We had 20 years of collecting artist materials and we never threw anything away. If we didn’t have interns around, or they couldn’t keep up with the artist files, we would just toss them into a box, tape it up, and throw it into the rafters. We had 8000 square feet of space, so we could do that. The Loma Prieta earthquake hit in 1989 and the new owners of the building knew they needed to do retrofitting, so they gave us over two years of free rent to organize our materials and move out of the space. The categorical framework for the collection was there, but when it came down to the wire, we just started throwing things into boxes, so some of the boxes in the archive are totally chaotic. We tried to get rid of things like newsletters and press releases from the Long Beach Museum of Art, Los Angeles County Museum of Art and Stedelijk Museum in Amsterdam, because they were bigger institutions and could take care of their own history. Organizations in San Francisco like 80 Langton St / New Langton Arts would put together these annual compilations of performances they did, which were nice, but, what about the rest of it? What about all of their archival material? They would say, “Well, we can’t bother with that, this is all we have.” But you know that’s not all of it. I think that’s very typical of a lot of organizations. In the past year, I’ve been told that Stanford University has acquired the 80 Langton/New Langton Arts archives. Along with the La Mamelle/Art Com archives, Lynn Hershman Leeson’s papers, and others like Buckminster Fuller and Allen Ginsberg, Stanford now has rich archives representing alternative traditions in the contemporary arts. I’ve seen similar archives, like those from Los Angeles County Institute of Contemporary Art, and they’re just a few linear feet. It’s typical because when push comes to shove and you’re closing down, you no longer have operational money, you’re fighting with the people you’re working with, or your building gets sold, or whatever the reason might be, you just toss whatever you have. Most of those archives from old alternative art spaces are about the organization and not about the activities they supported, whereas ours contains very little about the business aspect of the organization. We wanted to save all of the artists’ activities and focus on information about the art. You can’t do it all. In the end, we had this party where we just gave stuff away. People came and they could take whatever they wanted.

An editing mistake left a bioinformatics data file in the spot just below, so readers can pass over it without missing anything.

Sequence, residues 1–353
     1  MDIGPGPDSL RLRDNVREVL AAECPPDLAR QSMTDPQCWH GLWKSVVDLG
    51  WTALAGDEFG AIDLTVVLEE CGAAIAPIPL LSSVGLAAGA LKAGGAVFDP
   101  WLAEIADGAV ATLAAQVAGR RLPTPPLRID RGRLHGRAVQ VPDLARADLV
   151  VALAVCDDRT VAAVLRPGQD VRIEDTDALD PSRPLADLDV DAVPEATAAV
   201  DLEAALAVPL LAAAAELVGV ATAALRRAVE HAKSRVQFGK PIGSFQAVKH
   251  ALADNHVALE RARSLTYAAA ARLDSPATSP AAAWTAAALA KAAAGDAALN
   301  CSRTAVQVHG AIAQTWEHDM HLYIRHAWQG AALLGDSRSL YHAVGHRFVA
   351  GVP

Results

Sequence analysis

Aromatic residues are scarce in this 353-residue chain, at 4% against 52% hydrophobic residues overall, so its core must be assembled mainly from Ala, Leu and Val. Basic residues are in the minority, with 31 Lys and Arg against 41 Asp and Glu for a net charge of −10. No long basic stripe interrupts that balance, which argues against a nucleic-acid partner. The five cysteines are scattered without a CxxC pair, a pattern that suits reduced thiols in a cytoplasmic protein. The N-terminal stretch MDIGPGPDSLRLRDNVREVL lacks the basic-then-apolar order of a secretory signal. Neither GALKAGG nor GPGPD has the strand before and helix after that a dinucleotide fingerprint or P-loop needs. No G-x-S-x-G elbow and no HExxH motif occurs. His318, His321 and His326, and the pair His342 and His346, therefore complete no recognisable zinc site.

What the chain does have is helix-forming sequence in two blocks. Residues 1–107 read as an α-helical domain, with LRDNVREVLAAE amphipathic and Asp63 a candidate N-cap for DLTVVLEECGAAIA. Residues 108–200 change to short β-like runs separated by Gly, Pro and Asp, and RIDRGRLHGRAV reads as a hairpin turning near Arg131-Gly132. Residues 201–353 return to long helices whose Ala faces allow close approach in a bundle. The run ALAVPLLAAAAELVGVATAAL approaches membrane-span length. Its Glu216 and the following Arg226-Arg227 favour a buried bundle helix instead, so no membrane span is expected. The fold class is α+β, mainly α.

How was it advertised? Was it an event, like a blowout Martha Rosler Garage Sale of La Mamelle?